Scottish National Dictionary (1700–)
FISH, n., v. Sc. usages:
I. n. Specif. applied to: 1. the salmon. Gen.Sc. in all salmon areas; “includes sea-trout” (Bwk.2 1952). Hence comb. fish-money, a bounty given for a certain number of fish caught (Bwk.3 1952).
Sc. 1830 Wilson Noctes Amb. (1855) II. 388:
You're a gran' par-fisher, sir; but you're nae Thorburn either at troots, morts, or fish. s.Sc. 1843 W. Scrope Salmon-Fishing 93:
That's no fish ava. . . . Do ye no ken a troot when ye see it? Abd. 1936 T. H. White England have my Bones 29:
When people talk about salmon here they call it “a fish.” Trouts are just trouts. Sc. 1950 Scotsman (1 Feb.):
By the way, only salmon are fish in the Borders.
2. White fish, as opposed to herrings (Cai.7, Ags.17, Fif.1 1942).
3. In combs.: (1) fish(y)-bee, a bluebottle fly (Sh. 1952); (2) fish-cadger, a fish hawker. Gen.Sc.; †(3) fish-carle, a fisherman; †(4) fish-currie, = Currie, n. (Per. 1825 Jam.); (5) fish-flee, the bluebottle fly. Also fishy-flee (Sh. 1914 Angus Gl.; Sh.10 1952); (6) fish-hawk, the osprey, Pandion haliaetus (Sc., Sh. 1885 Swainson Brit. Birds 141). Also fishing-hawk, (Ib.), fish-hawker (Sh. 1932 J. M. E. Saxby Sh. Trad. Lore 199); (7) fish-side, the flesh side of a split fish as opposed to the skin side (Sh.10 1952); (8) fish-staff, a gaff, fish-hook. See Huggie-staff; (9) fish-toun, a fishing village (Abd.27 1935).
(2) Edb. 1803 in R. Sibbald Fife & Knr. 119:
It was a general officer . . . who first taught the people of Fife that [turbot] were eatable, and astonished the fish-cadgers by offering a shilling apiece for the largest of them. Ags. 1888 Barrie Auld Licht Idylls ii.:
Rival fish-cadgers . . . screamed libels at each other over a fruiterer's barrow. (3) Abd. 1804 W. Tarras Poems 143:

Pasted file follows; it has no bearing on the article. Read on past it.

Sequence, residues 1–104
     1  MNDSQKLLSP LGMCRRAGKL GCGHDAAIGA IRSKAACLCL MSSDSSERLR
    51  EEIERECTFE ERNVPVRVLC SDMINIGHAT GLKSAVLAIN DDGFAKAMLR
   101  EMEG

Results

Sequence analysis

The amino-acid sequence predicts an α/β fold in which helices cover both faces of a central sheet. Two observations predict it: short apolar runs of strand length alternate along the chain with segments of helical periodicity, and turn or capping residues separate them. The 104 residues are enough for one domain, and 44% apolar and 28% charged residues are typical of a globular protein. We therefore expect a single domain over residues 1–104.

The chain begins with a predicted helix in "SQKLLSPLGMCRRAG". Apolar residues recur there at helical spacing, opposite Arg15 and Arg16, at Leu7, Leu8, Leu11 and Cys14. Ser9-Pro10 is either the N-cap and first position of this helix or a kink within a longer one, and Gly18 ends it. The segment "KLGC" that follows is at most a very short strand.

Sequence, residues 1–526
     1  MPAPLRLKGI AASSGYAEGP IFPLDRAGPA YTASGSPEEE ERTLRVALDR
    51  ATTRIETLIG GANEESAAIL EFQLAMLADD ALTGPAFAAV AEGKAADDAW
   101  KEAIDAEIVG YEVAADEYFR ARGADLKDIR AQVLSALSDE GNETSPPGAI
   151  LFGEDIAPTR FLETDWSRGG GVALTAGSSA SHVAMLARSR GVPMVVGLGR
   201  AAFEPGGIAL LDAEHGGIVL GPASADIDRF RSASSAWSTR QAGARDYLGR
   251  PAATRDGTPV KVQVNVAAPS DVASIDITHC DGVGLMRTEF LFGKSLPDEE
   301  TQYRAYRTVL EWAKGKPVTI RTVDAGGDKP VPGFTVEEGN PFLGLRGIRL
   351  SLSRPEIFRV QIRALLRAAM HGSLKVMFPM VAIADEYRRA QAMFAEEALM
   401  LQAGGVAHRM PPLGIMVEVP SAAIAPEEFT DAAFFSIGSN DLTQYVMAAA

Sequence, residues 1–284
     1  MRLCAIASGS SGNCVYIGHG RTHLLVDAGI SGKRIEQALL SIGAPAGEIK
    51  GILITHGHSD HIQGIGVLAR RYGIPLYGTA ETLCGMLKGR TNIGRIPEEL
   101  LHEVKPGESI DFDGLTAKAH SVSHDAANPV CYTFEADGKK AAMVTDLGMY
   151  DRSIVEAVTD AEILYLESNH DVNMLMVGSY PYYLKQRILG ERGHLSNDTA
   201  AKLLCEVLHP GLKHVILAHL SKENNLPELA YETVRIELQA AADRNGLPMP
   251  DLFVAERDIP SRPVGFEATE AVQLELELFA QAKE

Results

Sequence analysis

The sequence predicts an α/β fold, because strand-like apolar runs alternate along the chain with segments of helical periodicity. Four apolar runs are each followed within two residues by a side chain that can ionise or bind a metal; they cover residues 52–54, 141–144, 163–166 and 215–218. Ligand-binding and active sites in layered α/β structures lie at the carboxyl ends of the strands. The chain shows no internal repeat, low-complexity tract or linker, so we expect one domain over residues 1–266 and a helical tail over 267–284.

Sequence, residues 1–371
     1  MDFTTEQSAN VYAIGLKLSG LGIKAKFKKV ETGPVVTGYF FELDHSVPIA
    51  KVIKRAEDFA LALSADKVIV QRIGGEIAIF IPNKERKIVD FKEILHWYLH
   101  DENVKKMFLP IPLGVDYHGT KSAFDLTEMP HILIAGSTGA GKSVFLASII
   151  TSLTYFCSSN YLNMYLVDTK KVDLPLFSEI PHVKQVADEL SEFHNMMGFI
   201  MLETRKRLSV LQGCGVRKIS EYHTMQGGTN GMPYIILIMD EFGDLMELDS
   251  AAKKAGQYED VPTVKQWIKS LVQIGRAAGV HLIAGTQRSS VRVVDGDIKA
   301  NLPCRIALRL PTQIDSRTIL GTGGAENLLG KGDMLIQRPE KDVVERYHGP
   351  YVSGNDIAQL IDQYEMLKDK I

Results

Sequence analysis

Ye fish-carles never lift an oar, In codlin greed. (5) Sh. 1927 Shet. Times (23 April):
Loard, joost tell me whats da oose O' mudjicks, mochs, and fishy flees? Sh. 1937 J. Nicolson Restin' Chair Yarns 9:
Da room was swarmin' wi' folk, as tight as ever you saw fish-flees on a codlin' head i' da summer. (7) Sh. 1898 Shetland News (19 Nov.):
[To] staand at a widden box foo o' fresh watter, an' taer awa' apo da fish side o' a ling wi' a kiaar brush. (8) Sh. 1877 G. Stewart Fireside Tales 31:
Hae da fish-staff clair. (9) Abd. 1781 Caled. Mercury (21 July):
At the Fish-town of Colliston, there is a commodious and safe harbour.
II. v. To endeavour, to contrive (Arg.3, Ayr.8 1952).
Ayr. 1822 Galt Sir A. Wylie I. xiii.:
If I dinna get my dinner noo, thae deevils, our clerks, will be back; and, if they fin' out that I'm toom, they'll fish to famish me.
You may wish to vary the format shown below depending on the citation style used.
"Fish n., v.". Dictionary of the Scots Language. 2004. Scottish Language Dictionaries Ltd. Accessed 19 Mar 2018 <http://www.dsl.ac.uk/entry/snd/fish>
Try an Advanced Search